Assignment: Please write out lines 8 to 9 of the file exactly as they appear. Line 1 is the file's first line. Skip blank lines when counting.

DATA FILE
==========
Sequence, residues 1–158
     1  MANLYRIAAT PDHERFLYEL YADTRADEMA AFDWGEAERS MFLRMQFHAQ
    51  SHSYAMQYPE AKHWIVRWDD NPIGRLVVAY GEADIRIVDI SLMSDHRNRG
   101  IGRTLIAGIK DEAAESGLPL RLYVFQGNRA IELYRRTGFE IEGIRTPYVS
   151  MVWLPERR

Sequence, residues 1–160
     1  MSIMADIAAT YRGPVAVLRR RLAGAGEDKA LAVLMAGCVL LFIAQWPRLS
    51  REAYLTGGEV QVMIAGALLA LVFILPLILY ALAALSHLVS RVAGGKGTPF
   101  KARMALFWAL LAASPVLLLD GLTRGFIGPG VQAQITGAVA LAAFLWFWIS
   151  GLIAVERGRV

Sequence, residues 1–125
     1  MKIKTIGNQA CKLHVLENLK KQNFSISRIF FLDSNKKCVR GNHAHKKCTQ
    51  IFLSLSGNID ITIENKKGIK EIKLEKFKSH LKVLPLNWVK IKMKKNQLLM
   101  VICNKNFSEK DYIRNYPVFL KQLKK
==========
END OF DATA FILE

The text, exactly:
    51  REAYLTGGEV QVMIAGALLA LVFILPLILY ALAALSHLVS RVAGGKGTPF
   101  KARMALFWAL LAASPVLLLD GLTRGFIGPG VQAQITGAVA LAAFLWFWIS